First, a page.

Elective ventilation and the politics of death
- Correspondence to Dr Nathan Emmerich, Visiting Research Fellow, School of Politics, International Politics and Philosophy, Queen's University Belfast, Belfast BT7 1NN, UK;
- Received 12 July 2012
- Revised 10 October 2012
- Accepted 18 October 2012
- Published Online First 10 November 2012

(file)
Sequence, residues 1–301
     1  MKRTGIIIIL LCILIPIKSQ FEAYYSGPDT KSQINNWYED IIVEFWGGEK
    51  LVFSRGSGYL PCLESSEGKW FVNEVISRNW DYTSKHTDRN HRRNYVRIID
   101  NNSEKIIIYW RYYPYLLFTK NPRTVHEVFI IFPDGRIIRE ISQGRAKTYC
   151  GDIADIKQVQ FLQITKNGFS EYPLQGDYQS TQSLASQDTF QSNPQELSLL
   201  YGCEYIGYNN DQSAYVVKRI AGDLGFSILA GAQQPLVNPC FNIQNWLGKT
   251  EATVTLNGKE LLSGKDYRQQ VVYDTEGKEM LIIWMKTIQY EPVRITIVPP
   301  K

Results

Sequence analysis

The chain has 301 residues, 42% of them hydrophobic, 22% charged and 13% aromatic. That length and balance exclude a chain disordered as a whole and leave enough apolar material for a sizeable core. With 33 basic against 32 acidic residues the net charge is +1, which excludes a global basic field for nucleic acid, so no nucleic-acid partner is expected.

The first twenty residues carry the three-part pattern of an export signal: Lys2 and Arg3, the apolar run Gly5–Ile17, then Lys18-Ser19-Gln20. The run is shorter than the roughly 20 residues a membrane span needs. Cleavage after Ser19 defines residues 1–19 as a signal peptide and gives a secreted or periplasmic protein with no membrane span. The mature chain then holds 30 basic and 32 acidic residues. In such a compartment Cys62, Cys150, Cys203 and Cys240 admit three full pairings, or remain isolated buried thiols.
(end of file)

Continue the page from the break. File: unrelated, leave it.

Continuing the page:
This essay comments on the British Medical Association's recent suggestion that protocols for Elective Ventilation (EV) might be revived in order to increase the number of viable organs available for transplant. I suggest that the proposed revival results, at least in part, from developments in the contemporary political landscape, notably the decreasing likelihood of an opt-out system for the UK's Organ Donor Register. I go on to suggest that EV is unavoidably situated within complex debates surrounding the epistemology and ontology of death. Such questions cannot be settled a priori by medical science, bioethics or philosophical reflection. As Radcliffe-Richards suggests, the determination of death has become a moral question, and therefore, now extends into the political arena. I argue for the conclusion that EV, and wider debates about organ donation and the constitution of the organ donation register, are matters of ‘biocitizenship’ and must, therefore, be addressed as ‘biopolitical’ questions.